” A book is made from a tree. It is an assemblage of flat, flexible parts (still called ‘leaves’) imprinted with dark pigmented squiggles. One glance at it and you hear the voice of another person – perhaps someone dead for thousands of years. Across the millennia, the author is speaking, clearly and silently, inside your head, directly to you. Writing is perhaps the greatest of human inventions, binding together people, citizens of distant epochs, who never knew one another. Books break the shackles of time, proof that humans can work magic. “
– Carl Sagan, Cosmos (1980)
Came across this yesterday; seems all the more poignant now that Sagan himself is speaking to us beyond his time.
I recently realised that I haven’t made any posts for a good long while. This is always the way of these things; after a gap, you feel the need to do something worth the wait, which only worsens the problem. New Year provides a useful occasion to carry on like nothing happened (or in this case, did happen).
So, Twenty-Fifteen, eh? We meet at last.
It’s shaping up to be a busy year. First up, in February I am pushing a new initiative I made up on the spot: Finish a Novel Feb. Specifically, I am looking to finish Chronozone. NaNoWriMo is all well and good for creating loads of rough, unfinished drafts but, well, it seems I can do that pretty well already. So come Feb, I will be committing to complete the draft of Chronozone Zero.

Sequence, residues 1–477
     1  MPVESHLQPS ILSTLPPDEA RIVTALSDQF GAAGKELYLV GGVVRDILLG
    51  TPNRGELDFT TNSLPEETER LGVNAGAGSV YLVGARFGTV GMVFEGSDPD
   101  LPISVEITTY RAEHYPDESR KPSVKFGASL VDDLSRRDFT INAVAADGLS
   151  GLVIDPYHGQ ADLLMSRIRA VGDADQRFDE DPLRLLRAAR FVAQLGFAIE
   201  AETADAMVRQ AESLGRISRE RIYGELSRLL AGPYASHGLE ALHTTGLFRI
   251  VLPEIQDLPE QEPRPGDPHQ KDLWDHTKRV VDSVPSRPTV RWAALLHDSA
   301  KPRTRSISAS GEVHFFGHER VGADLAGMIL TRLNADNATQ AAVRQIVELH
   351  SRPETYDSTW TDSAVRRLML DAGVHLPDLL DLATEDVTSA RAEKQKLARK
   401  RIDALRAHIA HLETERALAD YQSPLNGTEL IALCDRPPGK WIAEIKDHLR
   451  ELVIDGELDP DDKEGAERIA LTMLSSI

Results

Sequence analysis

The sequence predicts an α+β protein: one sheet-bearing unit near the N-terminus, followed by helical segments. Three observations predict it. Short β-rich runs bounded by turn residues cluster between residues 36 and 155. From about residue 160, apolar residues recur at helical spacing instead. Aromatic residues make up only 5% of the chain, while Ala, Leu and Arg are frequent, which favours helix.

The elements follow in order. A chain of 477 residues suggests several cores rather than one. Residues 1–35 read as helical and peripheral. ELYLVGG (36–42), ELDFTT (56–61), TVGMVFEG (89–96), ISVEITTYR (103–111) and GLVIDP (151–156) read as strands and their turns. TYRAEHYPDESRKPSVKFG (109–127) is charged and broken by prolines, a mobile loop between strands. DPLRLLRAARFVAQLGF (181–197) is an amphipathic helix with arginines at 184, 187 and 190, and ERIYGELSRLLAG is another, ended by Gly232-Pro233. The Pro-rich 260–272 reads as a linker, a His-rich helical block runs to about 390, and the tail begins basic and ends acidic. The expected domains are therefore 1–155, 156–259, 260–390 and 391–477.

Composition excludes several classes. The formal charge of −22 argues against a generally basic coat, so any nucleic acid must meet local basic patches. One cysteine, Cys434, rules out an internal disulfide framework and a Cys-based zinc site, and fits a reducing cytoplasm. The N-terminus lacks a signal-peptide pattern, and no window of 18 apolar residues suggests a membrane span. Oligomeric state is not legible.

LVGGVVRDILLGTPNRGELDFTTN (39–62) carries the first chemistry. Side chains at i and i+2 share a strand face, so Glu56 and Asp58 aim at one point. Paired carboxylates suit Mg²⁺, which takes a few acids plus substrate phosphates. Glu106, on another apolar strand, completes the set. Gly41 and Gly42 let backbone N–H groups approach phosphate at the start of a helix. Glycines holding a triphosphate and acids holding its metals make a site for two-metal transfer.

It’s not an initiative that’s going to catch on or anything; hardly a challenge worth a website for; but it will get me where I want to go. Wish me luck.
A lot of the famous and successful writers you come across describe themselves as being obsessive or living to write. It makes sense, of course. If you spend each waking hour with the written word, you ought to be pretty good with them.
If I’m honest, though, that’s not really me. I hugely enjoy writing, but it isn’t my raison d’etre. Mostly, I just get too distracted by all the other awesome-cool vocations out there that I can’t decide what I like more. Sometimes this makes me wonder: can you be successful with a divided attention?
If you focus on your vocation, you will obviously further your skills in it. So it stands to reason, taking only this into account, that the best writers will be those that work hardest and longest at their craft. And to a degree, this is true. Does this mean those of us that are undecided or took a while to find the right thing are destined to be hopeless “masters of none”?
Nope! As much as this fear sometimes nags me, it’s worth remembering that there’s more to writing than a proficiency with language- just as there is more to art than shading techniques or volumetric form. When we create, we draw upon all areas of who we are and what we know. A breadth of knowledge is as important as the depth of it.